Hiking among Alpine pastures of Pokljuka

IN Hiking , Hiking blog , Julian Alps , photography , snow , Sunset , Winter hiking

Hidden in southwestern Pokljuka, a high karst plateau in the Julian Alps with 6,300 ha of mostly fir forests, are numerous Alpine pastures with old wooden huts that seem lost in time. Some of them have been changed into tourist homes, while others are kept simple by the new generations of the old shepherd families. In summer, hikers can make a stop to taste delicious home-made cheeses, sour milk and sometimes local cured meats and štruklji – a welcome relief on their wanderings along the long trails of Pokljuka.

In winter, however, there is a sense of contented isolation. As often as not, from late-autumn until mid-spring the pastures, especially the higher ones, are uninhabited and inaccessible by car, and can only be reached on skis or showshoes. Set against a playground of high peaks of the Julians Alps and yet so snugly hidden in the otherwise thick forest, Pokljuka’s Alpine pastures offer perfect winter hiking goals with breathtaking views of the winter wonderland.

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Adventuring in the Julian Alps

After a long summer, spent mostly guiding in the mountains, it’s nice to just sit back and look at how the sun lures hikers out and about while the rain again sends them back into the comfort of home. The fast every day work – life routine changes for a couple of hours or, if we are lucky, days, and we get to rush outside to enjoy ourselves. It feels almost like pressure to maximize a sunny weekend, collecting memories which will undoubtedly fade rather sooner than later in this rushed way of life.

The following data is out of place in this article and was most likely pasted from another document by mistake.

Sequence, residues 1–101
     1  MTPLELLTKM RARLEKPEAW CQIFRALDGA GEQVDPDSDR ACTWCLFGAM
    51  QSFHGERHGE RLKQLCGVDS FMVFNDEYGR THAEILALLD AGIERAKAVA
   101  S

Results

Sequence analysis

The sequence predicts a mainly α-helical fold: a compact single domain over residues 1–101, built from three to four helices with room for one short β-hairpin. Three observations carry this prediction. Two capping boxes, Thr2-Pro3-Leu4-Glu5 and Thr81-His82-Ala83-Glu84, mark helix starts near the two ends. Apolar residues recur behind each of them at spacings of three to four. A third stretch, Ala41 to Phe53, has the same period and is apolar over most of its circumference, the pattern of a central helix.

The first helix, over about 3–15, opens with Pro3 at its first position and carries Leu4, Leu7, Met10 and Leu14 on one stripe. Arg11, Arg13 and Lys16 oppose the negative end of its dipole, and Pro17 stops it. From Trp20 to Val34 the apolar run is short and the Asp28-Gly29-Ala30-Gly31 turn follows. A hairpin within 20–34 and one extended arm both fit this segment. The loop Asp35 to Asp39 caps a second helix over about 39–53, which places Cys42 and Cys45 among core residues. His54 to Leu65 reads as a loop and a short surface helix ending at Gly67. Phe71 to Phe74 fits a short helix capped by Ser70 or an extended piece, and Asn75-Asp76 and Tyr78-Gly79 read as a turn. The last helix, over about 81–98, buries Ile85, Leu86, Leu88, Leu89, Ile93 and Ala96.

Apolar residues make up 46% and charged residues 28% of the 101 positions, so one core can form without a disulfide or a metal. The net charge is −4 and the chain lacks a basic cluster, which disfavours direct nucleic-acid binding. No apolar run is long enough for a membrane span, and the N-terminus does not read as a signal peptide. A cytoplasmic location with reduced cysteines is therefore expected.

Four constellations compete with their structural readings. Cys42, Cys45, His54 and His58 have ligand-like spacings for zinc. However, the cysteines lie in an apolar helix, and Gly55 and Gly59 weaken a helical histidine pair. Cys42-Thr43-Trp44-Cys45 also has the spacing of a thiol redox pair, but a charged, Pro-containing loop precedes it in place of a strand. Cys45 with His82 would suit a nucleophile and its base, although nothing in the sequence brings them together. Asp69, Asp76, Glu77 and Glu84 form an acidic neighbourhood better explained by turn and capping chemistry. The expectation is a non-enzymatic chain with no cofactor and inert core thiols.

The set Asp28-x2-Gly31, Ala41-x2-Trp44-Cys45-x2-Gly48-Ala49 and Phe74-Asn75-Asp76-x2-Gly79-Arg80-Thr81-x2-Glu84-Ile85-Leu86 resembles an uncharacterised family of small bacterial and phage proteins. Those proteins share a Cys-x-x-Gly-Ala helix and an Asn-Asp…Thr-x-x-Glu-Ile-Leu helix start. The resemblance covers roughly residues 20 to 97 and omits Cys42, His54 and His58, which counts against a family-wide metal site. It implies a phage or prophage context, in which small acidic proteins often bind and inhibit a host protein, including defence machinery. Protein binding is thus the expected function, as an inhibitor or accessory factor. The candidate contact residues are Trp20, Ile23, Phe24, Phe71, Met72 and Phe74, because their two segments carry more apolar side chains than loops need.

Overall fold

Instead, breathe in and take a step back. Go outdoors to recharge, to soak up the tranquility of mother nature and its wonderful creations, and to return back home feeling positive and energized.

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Colors of the fall in the Julian and Karavanke Alps

As fog creeps into the sleepy valleys, hiding its browning trees, the cold whitens the mountain tops in the surrounding Alpine ranges, and the daylight shortens, one thing is certain. The carefree mountaineering summer season is finished. The mountains now demand more planning and more weight on the backs, nonetheless, the best days are only yet to come. The changing colors of the fall have turned the mountains, rich in larch forests, completely golden, and the copious rainfall will soon replenish the Alpine streams and lakes after a long hot summer.